U.S. stocks gave up even more ground Thursday, as volatility kept the markets in its grip.

The Dow Jones industrial average tipped 1,032 points into the red, down 4.2 per cent, to close at 23,860 as fears deepened over rising interest rates. Its steep dive in the final minutes of trading put the Dow in correction territory.

The technology-laden Nasdaq and the broad Standard & Poor's 500-stock index also drifted lower during the day - and each was down more than 3 per cent. Trading volumes were 50 per cent above normal.

The 3 percent pullback Thursday across U.S. indexes is something that did not happen in all of 2017. And the 2018 gains for the Dow and S&P have been wiped out.


Many are bracing for more wild swings ahead as the Cboe Volatility index is holding at twice its level from a week ago.

It's the fourth ugly day in global markets. European stocks saw across-the-board losses, led by the Germany's blue-chip DAX, which lost 2.6 per cent, or 330 points. Most Asia indexes were positive overnight.

All major sectors were down Thursday, with technology, real estate and financials leading the plunge, signaling investor unease around interest rates and the prospect of higher inflation.

Alexandra Coupe, associate director investment manager PAAMCO, said rising inflation makes stocks less attractive. Stocks over the long term create more wealth than fixed-income bonds, but they are more volatile and have more risk.

"If I have to choose bonds or equities, with interest rates going up, bonds just got more attractive," she said.

Coupe said the volatility is coming about because investors are having difficulty deciding between stocks and bonds at the moment. There are risks from moving wholesale from stocks to bonds.

"You don't want to move too much too soon," Coupe said. "You don't want to be caught in fixed income as rates are moving up. That's why everybody is going back and forth. We haven't had inflation, and now we have it and everyone freaks out. Be careful what you wish for."

The yield on the U.S. 10-year Treasury bond touched a four-year high before falling back to 2.83 per cent. A 3 per cent yield is looked upon by investors as a motive for people to flee the risk of stocks for the relative safety of bonds. When bond prices go lower, their yield increases.


"There is a lot of concern in the rising yield in the 10-year Treasury note," said David Kass, professor of finance at the University of Maryland. "As it approaches 3 per cent, concerns about inflation and competition for stocks by fixed income securities are increasing."

Some believe the 3 per cent yield is inevitable. Bond yields are rising as the Federal Reserve trims its U.S. bond holdings. The Treasury is also having to borrow more money, partly because of the tax cuts, and issuing more debt tends to raise yields.

Thursday's fluctuations came despite good economic news. Social-media company Twitter posted its first profit, and Yum Brands, Cardinal Health and Tyson Foods also exceeded earnings expectations. Nearly 80 per cent of companies that have reported so far this earnings season have suprised analysts to the upside.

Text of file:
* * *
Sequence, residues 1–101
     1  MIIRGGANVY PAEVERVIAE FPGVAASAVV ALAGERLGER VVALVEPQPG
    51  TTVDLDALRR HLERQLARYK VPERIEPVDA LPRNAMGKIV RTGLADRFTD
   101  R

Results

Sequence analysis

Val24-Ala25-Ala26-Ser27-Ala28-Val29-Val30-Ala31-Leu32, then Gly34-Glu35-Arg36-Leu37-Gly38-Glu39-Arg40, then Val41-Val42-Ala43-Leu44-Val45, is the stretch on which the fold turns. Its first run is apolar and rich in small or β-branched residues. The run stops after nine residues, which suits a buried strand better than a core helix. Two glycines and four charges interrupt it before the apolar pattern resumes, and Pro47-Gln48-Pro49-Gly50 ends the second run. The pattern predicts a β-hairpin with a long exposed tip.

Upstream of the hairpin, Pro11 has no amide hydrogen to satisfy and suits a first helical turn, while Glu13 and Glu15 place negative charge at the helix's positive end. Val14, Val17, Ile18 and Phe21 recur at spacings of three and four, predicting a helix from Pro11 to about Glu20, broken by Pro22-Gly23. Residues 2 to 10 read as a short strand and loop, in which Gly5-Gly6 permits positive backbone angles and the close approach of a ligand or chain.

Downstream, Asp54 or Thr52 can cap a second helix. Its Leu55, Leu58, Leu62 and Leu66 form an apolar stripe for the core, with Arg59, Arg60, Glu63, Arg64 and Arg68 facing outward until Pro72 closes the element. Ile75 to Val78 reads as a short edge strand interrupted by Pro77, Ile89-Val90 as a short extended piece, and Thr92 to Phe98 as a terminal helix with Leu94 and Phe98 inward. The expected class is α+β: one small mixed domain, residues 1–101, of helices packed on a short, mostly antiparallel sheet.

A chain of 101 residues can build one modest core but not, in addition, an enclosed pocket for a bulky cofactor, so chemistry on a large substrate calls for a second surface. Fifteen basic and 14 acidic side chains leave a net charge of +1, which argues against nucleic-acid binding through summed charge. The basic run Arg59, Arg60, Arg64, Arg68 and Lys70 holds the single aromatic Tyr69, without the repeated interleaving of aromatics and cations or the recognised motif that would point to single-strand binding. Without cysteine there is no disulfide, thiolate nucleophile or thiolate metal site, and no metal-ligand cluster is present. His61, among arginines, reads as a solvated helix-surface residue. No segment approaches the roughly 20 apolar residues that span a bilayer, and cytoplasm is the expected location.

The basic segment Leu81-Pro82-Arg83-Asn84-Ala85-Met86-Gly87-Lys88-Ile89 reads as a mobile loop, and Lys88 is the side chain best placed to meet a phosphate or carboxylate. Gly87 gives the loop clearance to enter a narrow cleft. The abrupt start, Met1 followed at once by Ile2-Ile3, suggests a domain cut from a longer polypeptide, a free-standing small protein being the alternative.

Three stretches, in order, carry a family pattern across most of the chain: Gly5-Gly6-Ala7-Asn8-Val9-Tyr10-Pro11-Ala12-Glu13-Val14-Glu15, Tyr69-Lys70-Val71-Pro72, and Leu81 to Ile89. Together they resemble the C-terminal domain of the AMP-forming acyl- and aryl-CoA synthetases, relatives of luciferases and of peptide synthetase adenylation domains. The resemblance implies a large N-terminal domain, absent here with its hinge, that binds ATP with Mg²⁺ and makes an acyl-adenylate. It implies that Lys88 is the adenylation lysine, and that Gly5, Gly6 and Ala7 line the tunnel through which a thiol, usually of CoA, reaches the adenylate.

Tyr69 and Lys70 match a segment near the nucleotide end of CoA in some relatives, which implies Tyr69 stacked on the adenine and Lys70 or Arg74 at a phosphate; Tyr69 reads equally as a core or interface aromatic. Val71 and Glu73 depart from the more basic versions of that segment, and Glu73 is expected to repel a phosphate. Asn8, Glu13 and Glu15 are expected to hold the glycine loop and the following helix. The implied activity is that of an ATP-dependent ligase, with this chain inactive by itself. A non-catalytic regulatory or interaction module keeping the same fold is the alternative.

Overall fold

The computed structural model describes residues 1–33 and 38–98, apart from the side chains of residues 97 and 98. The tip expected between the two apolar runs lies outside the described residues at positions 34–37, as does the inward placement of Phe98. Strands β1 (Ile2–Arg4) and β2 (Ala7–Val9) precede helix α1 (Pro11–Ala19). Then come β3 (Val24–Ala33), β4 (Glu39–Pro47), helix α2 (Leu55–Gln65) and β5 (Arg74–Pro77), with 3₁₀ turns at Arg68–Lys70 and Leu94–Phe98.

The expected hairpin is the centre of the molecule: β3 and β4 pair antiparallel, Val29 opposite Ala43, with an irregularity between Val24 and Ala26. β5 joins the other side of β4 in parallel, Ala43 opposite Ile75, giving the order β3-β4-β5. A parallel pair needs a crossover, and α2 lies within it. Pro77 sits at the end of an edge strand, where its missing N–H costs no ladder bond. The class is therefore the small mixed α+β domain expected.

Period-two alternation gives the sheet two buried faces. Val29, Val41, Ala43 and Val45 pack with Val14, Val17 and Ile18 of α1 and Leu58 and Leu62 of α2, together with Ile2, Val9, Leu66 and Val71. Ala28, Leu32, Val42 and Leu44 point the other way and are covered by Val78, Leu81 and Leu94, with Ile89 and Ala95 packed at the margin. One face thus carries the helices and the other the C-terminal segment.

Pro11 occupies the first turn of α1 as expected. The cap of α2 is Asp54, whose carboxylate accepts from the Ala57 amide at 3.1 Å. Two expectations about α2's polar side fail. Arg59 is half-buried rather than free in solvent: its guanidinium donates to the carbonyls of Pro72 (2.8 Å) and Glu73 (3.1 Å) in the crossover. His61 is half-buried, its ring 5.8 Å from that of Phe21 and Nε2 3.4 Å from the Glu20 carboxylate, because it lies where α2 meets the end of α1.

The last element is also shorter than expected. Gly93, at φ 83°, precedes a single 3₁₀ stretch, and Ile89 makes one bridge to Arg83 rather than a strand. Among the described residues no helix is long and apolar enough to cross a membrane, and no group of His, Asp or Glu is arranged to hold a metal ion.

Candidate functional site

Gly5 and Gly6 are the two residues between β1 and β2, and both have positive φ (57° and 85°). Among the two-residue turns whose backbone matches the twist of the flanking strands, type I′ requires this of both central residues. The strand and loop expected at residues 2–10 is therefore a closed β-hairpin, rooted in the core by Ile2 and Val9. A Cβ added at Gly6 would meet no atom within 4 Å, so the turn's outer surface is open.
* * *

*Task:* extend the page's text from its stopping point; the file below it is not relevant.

Some say the fluctuations are because of the good news, with fears that an overheated economy and nascent inflation will push the Federal Reserve to raise rates. The latest inflation figures are anemic at 1.7 per cent.

"Investors are nervous about three things," said Larry Hatheway, an economist and Zurich-based asset manager.

"There is an emerging inflation story in the U.S. - and rising U.S. inflation makes monetary policy less predictable. Accelerating inflation may crimp corporate profits. And the Fed may hesitate to come to the rescue. They won't be able to provide that nice predictability and certainty that they provided ever since they started the rate hikes a few years ago."

LPL Research released a report titled "Volatility is Back," which pointed to fear of rising interest rates as the source of the recent swings but cautioned that the economy is fundamentally strong.

"The primary culprit was higher-than-expected wage growth in the January jobs report, which may have increased fears that the Federal Reserve would be more aggressive with interest rate hikes in 2018," according to LPL.

"However, the selling pressure unmasked a variety of issues, including investor complacency and the difficulty of unwinding crowded and complex trades involving leverage, or borrowed money."

"Though never any fun to endure," it said, "pullbacks are a normal course for long-term investing."

Thursday's markets reflected the recent craziness in stocks. The Dow moved nearly 500 points during trading Wednesday before closing down 19 points, or 0.08 per cent, at 24,893. Standard & Poor's 500 index and the Nasdaq also finished down Wednesday.

The market has been particularly unpredictable over the last week, suffering a record loss of 1,179 points on 6 February before bouncing back over the next few days.

That major drop also had repercussions for the local market, with the New Zealand Stock Exchange (NZX) opening two percent down on 7 February before recovering to post a 1.5 percent loss.

Numerous analysts have predicted that the volatility is set to continue over the next 12 months, as the US Federal Reserve continues to weigh the pros and cons of raising interest rates.

While there is continued volatility to be expected in the local market, Craigs Investment Partners head of private wealth research Mark Lister previously said the NZX usually holds up better.

"We tend to be a less volatile market — we've got lots of quite stable, predictable companies on our market," Lister told the Herald.